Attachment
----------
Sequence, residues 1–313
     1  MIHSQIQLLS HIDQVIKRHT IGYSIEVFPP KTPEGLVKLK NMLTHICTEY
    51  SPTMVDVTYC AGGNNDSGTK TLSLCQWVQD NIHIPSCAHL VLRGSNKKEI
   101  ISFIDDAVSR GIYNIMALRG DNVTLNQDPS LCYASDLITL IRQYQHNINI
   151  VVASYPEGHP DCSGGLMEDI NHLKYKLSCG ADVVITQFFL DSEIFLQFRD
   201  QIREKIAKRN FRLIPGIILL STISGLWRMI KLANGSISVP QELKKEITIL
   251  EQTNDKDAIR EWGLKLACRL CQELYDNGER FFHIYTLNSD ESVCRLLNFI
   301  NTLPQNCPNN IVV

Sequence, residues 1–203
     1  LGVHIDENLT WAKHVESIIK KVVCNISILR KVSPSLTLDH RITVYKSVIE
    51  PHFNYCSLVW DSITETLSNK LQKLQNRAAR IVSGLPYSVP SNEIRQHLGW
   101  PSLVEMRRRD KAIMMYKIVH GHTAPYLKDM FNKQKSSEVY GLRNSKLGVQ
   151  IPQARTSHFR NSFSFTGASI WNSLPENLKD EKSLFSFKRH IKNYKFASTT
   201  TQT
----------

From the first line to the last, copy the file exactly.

Sequence, residues 1–313
     1  MIHSQIQLLS HIDQVIKRHT IGYSIEVFPP KTPEGLVKLK NMLTHICTEY
    51  SPTMVDVTYC AGGNNDSGTK TLSLCQWVQD NIHIPSCAHL VLRGSNKKEI
   101  ISFIDDAVSR GIYNIMALRG DNVTLNQDPS LCYASDLITL IRQYQHNINI
   151  VVASYPEGHP DCSGGLMEDI NHLKYKLSCG ADVVITQFFL DSEIFLQFRD
   201  QIREKIAKRN FRLIPGIILL STISGLWRMI KLANGSISVP QELKKEITIL
   251  EQTNDKDAIR EWGLKLACRL CQELYDNGER FFHIYTLNSD ESVCRLLNFI
   301  NTLPQNCPNN IVV

Sequence, residues 1–203
     1  LGVHIDENLT WAKHVESIIK KVVCNISILR KVSPSLTLDH RITVYKSVIE
    51  PHFNYCSLVW DSITETLSNK LQKLQNRAAR IVSGLPYSVP SNEIRQHLGW
   101  PSLVEMRRRD KAIMMYKIVH GHTAPYLKDM FNKQKSSEVY GLRNSKLGVQ
   151  IPQARTSHFR NSFSFTGASI WNSLPENLKD EKSLFSFKRH IKNYKFASTT
   201  TQT